Am Fam Physician. 2000;61(3):852
Small-cell cancer of the lung generally has a poor prognosis; the median duration of survival is 12 to 20 months. The five-year survival rate in patients who initially respond to chemotherapy and radiation is about 20 percent. About 10 percent of patients have brain metastasis at the time of diagnosis, and 50 percent have brain metastasis if still alive in two years. The brain is suspected to be a “sanctuary” for subclinical metastases in patients with small-cell lung cancer, a notion that prompted researchers to study cranial irradiation as a way of preventing clinically evident disease. Studies in the past 20 years have sought to find out if such treatment improved the prognosis in patients with small-cell lung cancer. Aupérin and other members of the Prophylactic Cranial Irradiation Overview Collaborative Group performed a meta-analysis to see if prophylactic cranial irradiation produced a survival benefit.
Clinical trials were included that involved patients with small-cell lung cancer who were in complete remission after induction chemotherapy and had no evidence of brain metastasis. The patients had been randomized to receive prophylactic cranial irradiation or no cranial irradiation (control group). Published and unpublished trials were considered. Additional data obtained were patient sex, age, initial stage of disease, performance status at time of randomization, details of induction therapy and information on recurrence of disease, including local and regional metastasis. The primary end point of the study was overall survival, defined as time from randomization until death from any cause. Secondary outcomes were disease-free survival and cumulative incidence of brain metastasis, as well as other metastases.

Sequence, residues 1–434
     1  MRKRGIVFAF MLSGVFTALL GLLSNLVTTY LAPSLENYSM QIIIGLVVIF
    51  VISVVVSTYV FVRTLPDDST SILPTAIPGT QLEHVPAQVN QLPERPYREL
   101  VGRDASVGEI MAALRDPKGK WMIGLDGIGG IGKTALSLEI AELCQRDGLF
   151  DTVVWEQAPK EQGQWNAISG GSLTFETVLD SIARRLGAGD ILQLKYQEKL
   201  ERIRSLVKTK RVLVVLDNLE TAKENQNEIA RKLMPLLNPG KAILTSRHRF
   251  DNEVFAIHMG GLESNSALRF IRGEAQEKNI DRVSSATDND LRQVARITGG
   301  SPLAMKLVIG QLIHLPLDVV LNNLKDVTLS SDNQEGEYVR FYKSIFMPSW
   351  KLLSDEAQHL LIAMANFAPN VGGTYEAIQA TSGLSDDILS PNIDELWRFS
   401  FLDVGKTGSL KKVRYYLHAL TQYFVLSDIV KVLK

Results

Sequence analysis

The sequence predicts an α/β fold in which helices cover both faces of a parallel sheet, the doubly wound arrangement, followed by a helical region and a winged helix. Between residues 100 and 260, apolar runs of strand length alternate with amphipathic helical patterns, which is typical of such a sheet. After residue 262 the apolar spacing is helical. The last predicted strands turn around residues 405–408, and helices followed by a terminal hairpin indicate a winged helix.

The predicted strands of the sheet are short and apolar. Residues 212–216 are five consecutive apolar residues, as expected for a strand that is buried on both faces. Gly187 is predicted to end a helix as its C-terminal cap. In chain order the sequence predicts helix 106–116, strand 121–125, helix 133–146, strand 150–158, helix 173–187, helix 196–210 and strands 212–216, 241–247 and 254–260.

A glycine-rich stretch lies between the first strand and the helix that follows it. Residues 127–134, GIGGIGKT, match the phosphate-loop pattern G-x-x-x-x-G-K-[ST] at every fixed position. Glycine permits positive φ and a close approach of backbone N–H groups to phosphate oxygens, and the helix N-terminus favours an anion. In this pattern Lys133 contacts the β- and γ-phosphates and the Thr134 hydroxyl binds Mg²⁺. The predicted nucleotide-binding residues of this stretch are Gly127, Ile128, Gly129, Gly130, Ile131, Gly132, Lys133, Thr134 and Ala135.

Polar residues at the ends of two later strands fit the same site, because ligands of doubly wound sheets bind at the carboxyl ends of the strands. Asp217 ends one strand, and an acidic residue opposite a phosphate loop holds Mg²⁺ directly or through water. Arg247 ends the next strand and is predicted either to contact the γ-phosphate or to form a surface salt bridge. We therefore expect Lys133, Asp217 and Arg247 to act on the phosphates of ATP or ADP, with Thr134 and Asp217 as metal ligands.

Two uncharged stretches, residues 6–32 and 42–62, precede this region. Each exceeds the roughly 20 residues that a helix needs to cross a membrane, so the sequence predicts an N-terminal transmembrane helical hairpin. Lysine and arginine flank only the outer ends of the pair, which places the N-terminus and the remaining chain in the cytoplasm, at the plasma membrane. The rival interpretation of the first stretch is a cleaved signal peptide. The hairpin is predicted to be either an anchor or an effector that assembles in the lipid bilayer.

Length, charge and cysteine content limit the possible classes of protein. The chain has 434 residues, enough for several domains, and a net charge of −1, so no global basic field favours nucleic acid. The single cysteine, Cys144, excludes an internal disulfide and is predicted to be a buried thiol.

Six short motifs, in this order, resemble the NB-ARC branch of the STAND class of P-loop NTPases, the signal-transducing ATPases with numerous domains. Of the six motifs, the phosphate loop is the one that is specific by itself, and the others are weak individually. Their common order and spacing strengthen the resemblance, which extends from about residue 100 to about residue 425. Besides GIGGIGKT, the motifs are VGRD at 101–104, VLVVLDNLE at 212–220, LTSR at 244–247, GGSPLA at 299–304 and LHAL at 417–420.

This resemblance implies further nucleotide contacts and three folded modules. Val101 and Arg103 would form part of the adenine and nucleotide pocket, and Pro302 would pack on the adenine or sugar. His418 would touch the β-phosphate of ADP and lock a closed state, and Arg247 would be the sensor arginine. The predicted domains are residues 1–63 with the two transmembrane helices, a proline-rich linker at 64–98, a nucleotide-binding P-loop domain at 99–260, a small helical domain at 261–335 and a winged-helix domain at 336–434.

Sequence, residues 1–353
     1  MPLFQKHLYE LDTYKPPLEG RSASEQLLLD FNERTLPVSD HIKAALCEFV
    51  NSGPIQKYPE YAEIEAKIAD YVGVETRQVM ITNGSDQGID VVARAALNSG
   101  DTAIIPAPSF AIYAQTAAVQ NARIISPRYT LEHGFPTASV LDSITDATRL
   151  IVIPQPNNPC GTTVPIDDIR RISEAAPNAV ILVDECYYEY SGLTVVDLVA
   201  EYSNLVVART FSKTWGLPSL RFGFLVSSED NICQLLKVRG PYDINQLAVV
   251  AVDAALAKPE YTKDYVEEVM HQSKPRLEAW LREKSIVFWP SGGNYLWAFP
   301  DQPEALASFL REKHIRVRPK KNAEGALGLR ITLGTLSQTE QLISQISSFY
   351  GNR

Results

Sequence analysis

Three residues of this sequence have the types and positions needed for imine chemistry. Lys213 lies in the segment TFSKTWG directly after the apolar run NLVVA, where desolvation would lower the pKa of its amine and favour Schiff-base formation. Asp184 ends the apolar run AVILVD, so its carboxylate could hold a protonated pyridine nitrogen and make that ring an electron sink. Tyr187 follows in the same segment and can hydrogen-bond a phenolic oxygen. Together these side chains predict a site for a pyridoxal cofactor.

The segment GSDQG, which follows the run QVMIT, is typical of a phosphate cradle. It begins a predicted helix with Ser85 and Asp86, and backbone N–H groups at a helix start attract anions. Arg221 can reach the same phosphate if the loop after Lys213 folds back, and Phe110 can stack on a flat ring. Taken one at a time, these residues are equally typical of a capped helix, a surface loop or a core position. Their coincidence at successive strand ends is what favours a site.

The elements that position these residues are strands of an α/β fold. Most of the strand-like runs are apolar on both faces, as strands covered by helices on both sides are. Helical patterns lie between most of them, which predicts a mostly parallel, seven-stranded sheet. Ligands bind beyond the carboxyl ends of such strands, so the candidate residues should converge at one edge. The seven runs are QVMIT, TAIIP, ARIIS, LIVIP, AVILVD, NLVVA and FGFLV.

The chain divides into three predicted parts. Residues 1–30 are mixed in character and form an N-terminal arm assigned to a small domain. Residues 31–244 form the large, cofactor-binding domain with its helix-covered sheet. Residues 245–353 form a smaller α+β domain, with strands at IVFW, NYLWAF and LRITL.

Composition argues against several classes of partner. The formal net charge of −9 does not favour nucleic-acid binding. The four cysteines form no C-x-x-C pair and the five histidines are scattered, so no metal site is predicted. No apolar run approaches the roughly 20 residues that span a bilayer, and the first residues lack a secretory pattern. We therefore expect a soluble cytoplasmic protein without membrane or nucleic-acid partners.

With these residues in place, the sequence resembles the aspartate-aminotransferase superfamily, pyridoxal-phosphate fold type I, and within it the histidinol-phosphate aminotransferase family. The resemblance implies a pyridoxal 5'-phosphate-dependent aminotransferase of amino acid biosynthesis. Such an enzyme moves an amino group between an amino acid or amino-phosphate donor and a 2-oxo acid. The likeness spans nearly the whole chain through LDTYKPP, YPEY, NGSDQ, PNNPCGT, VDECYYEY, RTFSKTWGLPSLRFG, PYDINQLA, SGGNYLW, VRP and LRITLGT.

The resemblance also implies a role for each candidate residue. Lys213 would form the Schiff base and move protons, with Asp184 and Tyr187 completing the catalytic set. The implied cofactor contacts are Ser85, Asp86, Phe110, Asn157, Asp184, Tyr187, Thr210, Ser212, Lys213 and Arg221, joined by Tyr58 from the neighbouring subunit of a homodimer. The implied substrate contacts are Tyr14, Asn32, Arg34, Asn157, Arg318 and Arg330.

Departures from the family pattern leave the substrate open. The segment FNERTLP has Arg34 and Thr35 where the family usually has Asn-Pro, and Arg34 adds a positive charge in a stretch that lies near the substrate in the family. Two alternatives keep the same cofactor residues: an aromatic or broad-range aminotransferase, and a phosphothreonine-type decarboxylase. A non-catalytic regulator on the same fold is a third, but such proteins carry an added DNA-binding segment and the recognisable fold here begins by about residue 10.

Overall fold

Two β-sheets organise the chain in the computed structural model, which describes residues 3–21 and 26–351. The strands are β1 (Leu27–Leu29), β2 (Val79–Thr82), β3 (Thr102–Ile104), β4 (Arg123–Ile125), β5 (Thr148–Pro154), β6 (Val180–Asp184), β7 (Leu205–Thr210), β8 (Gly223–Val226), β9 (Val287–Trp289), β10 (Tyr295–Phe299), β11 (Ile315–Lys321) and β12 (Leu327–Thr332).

Seven trials were included in the meta-analysis. Data were reviewed on 987 patients: 526 who had received prophylactic irradiation and 461 control subjects. The median age was 59 years, and about 76 percent were men. The amount of time from induction to randomization was variable, although most of the patients received radiation treatments within six months of receiving chemotherapy.
After three years, 846 patients in the seven studies had died. A total of 20.7 percent of the treated patients was still alive, compared with 15.3 percent of patients in the control group. These results correspond to an absolute increase in survival of 5.4 percent and a mean reduction in the risk of death of 16 ± 6 percent. Regarding secondary end points, prophylactic cranial irradiation resulted in an absolute decrease in brain metastasis of 25.3 percent (33.3 percent in treated patients versus 58.6 percent in control patients). This corresponds to a 54 ± 7 percent relative reduction in the risk of brain metastasis. Higher doses of radiation produced a greater decrease in brain metastasis but did not affect overall survival.
The authors conclude from this meta-analysis that prophylactic cranial irradiation produces a survival benefit in patients with small-cell carcinoma of the lung. It also improves overall and disease-free survival. They believe it should become part of standard therapy for patients whose disease is in remission after induction chemotherapy.